18 to Party 4.5 out of 5 stars

{Movie Review} 18 to Party

Adolescence is not fun.  Our children find themselves caught in the liminal space between childhood and adulthood.  It is full of emotion, angst, stress and most of all its full of waiting. From about twelve on we tell our kids to wait their turn. To be patient. To just hold on until the next big life marker. No film captures the purgatory of adolescence better than 18 to Party which gets its premiere today at the Woodstock Film Festival.

Writer/Director Jeff Roda so perfectly captures the tension of this time period I found myself having middle school flashbacks. It’s not pretty folks.

18 to Party bills itself as a genre movie.  If it is, then it paints with the lightest science fiction brush imaginable.  The story starts as a pretty formulaic coming of age tale. It’s 1984 and outside a small-town nightclub, a group of 8th graders gather, grappling with a spate of recent suicides, UFO sightings, their absentee parents, and each other. The movie spans a single evening in the lives of these kids but manages to transport us fully to a time when waiting for something to happen felt just as significant as the thing itself. Our band of not so merry 8th graders just wants to get into a club full of high school kids.  They just want to be seen. Seen by their peers as cool, seen by their teachers as individuals, and seen by the parents….at all.

The movie makes you wait.  Its a movie about that period of anticipation and Roda uses that tension elegantly to make us feel like we are just another one of the characters trying to grow into what we want to become.  The entire movie is steeped in a refreshing eighties nostalgia. I say refreshing because the movie doesn’t pretend that everything from that era is worth celebrating. In fact 18 TO PARTY is pretty open and frank about how much that period of time sucked for some people.  As we meet this junior high breakfast club the general mood is downright dower. But that’s what makes the movie so perfect. To middle school kids, EVERYTHING SUCKS. I mean not really but it’s so gauche to be excited about anything the only safe emotional place to reside in is to hate everything.  Kira’s (played SO well by Ivy Miller) misanthropy and negativity feels so genuine yet so hilarious the audience immediately engages with her. So when the film perfectly punctures her cool disdain, we feel even worse for her. It’s like a collective gut punch. Even when they are difficult to like we feel bad for the ensemble.  All of the actors in this film deserve equal time and praise. Roda’s understanding that our kids are complex human beings trying to figure the world and themselves out made me want to tell all of the characters that life will make more sense someday (or maybe it won’t which is an even bleaker viewing of this film…FUCKING REAGAN).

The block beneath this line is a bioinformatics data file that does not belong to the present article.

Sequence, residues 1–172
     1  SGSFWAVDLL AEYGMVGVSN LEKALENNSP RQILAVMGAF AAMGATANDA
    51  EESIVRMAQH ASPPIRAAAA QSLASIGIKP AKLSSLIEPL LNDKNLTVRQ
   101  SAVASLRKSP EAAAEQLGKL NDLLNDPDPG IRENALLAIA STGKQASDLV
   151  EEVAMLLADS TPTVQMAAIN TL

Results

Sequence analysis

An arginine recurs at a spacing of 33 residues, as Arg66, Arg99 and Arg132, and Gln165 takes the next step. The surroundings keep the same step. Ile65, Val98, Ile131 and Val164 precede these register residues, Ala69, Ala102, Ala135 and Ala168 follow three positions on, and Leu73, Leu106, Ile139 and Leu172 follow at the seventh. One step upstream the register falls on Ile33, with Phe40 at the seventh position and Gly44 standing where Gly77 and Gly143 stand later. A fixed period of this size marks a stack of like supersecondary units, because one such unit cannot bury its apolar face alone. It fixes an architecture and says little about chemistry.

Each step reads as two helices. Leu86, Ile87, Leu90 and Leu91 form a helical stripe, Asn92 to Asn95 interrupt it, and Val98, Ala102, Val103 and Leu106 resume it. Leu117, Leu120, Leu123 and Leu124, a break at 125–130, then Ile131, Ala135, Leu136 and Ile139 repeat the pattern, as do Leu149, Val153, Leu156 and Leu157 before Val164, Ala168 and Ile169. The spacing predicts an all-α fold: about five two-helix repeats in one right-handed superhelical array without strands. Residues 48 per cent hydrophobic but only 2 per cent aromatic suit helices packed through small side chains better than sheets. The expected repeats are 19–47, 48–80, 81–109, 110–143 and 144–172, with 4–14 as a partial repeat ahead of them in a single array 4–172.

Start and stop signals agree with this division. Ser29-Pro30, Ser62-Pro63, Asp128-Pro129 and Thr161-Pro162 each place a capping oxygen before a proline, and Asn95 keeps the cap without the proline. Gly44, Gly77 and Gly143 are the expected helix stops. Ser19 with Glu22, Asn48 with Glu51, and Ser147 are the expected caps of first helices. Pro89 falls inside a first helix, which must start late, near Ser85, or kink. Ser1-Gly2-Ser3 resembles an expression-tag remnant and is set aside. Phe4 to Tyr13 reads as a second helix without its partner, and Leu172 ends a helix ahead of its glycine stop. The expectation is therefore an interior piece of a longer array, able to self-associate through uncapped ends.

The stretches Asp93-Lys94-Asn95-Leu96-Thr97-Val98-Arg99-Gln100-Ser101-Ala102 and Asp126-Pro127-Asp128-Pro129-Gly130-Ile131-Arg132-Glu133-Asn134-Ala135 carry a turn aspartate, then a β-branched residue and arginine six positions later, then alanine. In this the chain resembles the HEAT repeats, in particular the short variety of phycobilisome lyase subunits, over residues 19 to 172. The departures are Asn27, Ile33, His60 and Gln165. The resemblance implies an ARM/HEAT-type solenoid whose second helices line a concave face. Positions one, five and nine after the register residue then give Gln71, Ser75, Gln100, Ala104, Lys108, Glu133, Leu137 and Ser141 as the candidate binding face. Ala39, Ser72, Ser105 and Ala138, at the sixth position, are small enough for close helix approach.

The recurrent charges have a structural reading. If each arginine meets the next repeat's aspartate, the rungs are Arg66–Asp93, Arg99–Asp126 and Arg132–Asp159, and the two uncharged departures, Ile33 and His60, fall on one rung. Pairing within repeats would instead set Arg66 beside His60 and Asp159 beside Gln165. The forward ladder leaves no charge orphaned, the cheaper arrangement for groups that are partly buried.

If there is a lead in the ensemble cast it has to be slightly dorky Shel.  Clad in the light blue jean shirt that was so much the rage in 1984 Shel is both excited to be waiting for something but has no clue what it is he is waiting for.  Is it a date, a friendship with an older student, or just to discover what he wants to be excited about (maybe its everything). If it is uncool to be excited about anything in junior high then Shel maybe the least cool person in the parking lot.  Tanner Flood brings such joy to the role of Shel you can’t help but root for him and ultimately his friends as an extension. He is the reason we love to teach kids and watch them grow up. I must admit part of the reason Shel spoke so clearly to me is that I was that dork in middle school, in high school, and probably still. I never developed that tragically hip veneer that seemed to regard all things with a cool distance. I was really into stuff.  When I was really into it I celebrated it with an energy that my own child would call borderline “cringy”. Life and being an adult beats a little of that energy out of you but for this moment in time, Shel captures the endless possibilities that open up as we become teenagers. At one point my wife turned to me “that kid is totally you”. Yea man that kid was totally me. It was good to see him again, I kind of missed him.

The movie leans into the science fiction at the end.  It’s not much but helps drive the youthful optimism of the film. One of the themes of 18 to Party is that sometimes answers are difficult to find when you are growing up.  Why are our children killing themselves? Why are mom and dad such assholes? Will things get worse before they get better? The movie is not so much worried about answering those questions correctly as assuring the audience and the kids in the movie that there are answers to those questions if we are all just patient enough to wait for them.

When: Check out 18 to Party this weekend at The Woodstock Film Festival

Have your say